There are few areas where the gender gap is more pronounced than in STEM, which is Science, Technology, Engineering and Mathematics for the uninitiated. In 2017, there were just 22,340 female graduates in STEM fields in the UK. It's unsurprisingly then, that a 2018 report from WISE, a group which advocates for greater gender parity in the UK industry, found that just 22 percent of people working in these industries are women. WISE’s goals — gender parity in the industry, and 1 million women working in these industries by 2020 — requires us to examine ways to close STEM's gender gap. For International Women’s Day 2019, I canvassed four experts to find out what needs to be done.
First of all, let's be clear: the stakes are incredibly high. "The fourth Industrial Revolution is here and it is essential that female brains, talent and power are behind the wheel of this digital transformation," STEM veteran Gabriela Mueller Mendoza tells me. Now an executive coach and author of How To Be A Smart Woman In STEM, Mendoza adds that "when we add ethnicity to women’s representation in these fields, we see enormous differences."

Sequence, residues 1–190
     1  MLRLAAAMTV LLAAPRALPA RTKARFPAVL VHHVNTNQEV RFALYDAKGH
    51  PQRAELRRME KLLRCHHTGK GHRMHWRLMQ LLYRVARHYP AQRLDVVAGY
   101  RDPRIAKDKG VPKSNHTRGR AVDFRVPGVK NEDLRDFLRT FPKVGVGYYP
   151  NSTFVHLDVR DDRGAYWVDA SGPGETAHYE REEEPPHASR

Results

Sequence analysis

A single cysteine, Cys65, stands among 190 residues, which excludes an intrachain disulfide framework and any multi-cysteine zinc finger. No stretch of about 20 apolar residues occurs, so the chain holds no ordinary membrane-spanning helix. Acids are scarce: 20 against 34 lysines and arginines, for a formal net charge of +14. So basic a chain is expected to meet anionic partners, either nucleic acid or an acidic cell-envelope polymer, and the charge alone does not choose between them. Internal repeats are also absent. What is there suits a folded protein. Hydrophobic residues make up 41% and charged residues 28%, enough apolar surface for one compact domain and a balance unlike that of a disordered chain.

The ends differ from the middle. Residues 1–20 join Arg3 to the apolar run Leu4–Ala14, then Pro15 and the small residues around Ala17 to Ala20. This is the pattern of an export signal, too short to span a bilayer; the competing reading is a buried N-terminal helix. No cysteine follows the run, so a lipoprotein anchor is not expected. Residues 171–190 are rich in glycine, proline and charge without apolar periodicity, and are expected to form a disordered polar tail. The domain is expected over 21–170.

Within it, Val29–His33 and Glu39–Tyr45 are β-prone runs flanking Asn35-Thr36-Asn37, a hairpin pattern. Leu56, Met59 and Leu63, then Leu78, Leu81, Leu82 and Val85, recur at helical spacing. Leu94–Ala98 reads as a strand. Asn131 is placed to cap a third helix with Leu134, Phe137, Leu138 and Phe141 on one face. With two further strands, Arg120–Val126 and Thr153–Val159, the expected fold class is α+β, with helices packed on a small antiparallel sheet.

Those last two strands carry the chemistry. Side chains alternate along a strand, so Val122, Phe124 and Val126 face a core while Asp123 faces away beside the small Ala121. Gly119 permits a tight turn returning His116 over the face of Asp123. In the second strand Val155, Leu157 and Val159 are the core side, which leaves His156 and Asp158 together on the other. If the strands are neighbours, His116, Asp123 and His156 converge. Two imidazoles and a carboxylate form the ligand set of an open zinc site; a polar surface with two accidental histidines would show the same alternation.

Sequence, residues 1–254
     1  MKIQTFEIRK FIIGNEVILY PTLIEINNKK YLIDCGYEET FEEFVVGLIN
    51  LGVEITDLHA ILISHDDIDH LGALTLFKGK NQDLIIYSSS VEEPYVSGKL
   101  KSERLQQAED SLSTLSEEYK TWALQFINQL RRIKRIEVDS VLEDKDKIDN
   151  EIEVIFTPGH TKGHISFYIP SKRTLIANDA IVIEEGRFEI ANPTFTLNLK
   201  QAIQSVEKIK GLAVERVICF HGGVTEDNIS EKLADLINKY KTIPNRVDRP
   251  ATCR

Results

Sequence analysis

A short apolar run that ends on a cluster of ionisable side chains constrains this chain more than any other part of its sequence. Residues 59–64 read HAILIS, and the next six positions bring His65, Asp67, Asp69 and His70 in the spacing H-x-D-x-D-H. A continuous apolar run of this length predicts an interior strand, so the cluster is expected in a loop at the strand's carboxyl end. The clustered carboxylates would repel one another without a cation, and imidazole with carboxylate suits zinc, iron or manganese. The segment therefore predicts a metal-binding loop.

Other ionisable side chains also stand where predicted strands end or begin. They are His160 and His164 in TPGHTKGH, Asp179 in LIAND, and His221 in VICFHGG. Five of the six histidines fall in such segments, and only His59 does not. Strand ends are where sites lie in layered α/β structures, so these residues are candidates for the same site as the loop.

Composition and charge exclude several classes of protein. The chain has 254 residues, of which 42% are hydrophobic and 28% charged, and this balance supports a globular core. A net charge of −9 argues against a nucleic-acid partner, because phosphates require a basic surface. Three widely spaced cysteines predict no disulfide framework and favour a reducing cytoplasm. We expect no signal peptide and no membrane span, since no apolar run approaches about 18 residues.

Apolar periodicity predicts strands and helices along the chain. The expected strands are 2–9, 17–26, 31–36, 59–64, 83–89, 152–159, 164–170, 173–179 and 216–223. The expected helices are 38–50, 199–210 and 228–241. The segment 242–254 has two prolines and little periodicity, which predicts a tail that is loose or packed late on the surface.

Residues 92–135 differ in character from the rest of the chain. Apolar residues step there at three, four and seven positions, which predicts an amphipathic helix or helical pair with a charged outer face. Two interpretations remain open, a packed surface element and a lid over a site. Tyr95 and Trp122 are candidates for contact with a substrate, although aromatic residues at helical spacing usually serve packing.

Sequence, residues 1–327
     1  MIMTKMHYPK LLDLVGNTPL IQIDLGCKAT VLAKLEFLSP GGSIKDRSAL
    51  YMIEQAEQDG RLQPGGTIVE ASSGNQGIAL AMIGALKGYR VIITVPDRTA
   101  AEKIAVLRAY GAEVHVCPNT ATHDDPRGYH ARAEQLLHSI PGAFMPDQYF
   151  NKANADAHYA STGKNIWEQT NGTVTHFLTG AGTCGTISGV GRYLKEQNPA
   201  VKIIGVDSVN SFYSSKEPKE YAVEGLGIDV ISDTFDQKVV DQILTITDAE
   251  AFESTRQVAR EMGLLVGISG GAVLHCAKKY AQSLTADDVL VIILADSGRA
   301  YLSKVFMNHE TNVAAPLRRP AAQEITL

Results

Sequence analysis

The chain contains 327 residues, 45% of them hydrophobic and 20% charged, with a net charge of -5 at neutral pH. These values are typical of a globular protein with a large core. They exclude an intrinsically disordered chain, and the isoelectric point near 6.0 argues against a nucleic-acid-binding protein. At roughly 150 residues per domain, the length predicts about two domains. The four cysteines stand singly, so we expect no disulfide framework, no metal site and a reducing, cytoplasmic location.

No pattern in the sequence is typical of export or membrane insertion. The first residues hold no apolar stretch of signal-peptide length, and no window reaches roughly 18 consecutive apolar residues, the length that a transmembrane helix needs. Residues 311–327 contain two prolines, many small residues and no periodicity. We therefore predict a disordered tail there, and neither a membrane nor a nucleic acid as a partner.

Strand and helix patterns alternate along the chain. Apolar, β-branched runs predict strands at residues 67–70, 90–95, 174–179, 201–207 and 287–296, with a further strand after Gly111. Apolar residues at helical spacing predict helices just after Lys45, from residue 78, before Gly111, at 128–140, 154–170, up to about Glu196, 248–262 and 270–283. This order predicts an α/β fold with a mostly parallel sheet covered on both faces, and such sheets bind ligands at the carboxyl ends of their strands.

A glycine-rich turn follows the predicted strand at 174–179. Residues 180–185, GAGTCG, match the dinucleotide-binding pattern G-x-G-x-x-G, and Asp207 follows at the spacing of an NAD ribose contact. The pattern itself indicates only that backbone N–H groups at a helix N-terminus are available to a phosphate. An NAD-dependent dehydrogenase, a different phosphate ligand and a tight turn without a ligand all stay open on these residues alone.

Reducing bias is a big part of the problem, as is education. "Women have as much of a place in STEM as men do," Karina Larsen, Vice President of Business Development at Honeywell Aerospace explains, so it's vital to get rid of "outdates biases and clichés" that lead many women to think they're not "right" for the industry. But in doing so, it's important to focus attention at the structural level too. "I don’t think it should be just on women to shift the paradigm and culture," Stacey Espinosa, Global Research & Development Senior Manager at Mars Inc. explains. "We need everyone, especially those in positions of leadership, to advocate for the role of women."
For fellow women in STEM, they can advocate by serving as role models and mentors for the younger generation. "By sharing our passion and positive experiences of the STEM industry, we can encourage and inspire more women to consider a career in the field," Anne-Laure Thieullent, Artificial Intelligence and Analytics Group Offer Leader at Capgemini explains. Read on to find out more about what needs to be done to even up the scales in STEM and beyond.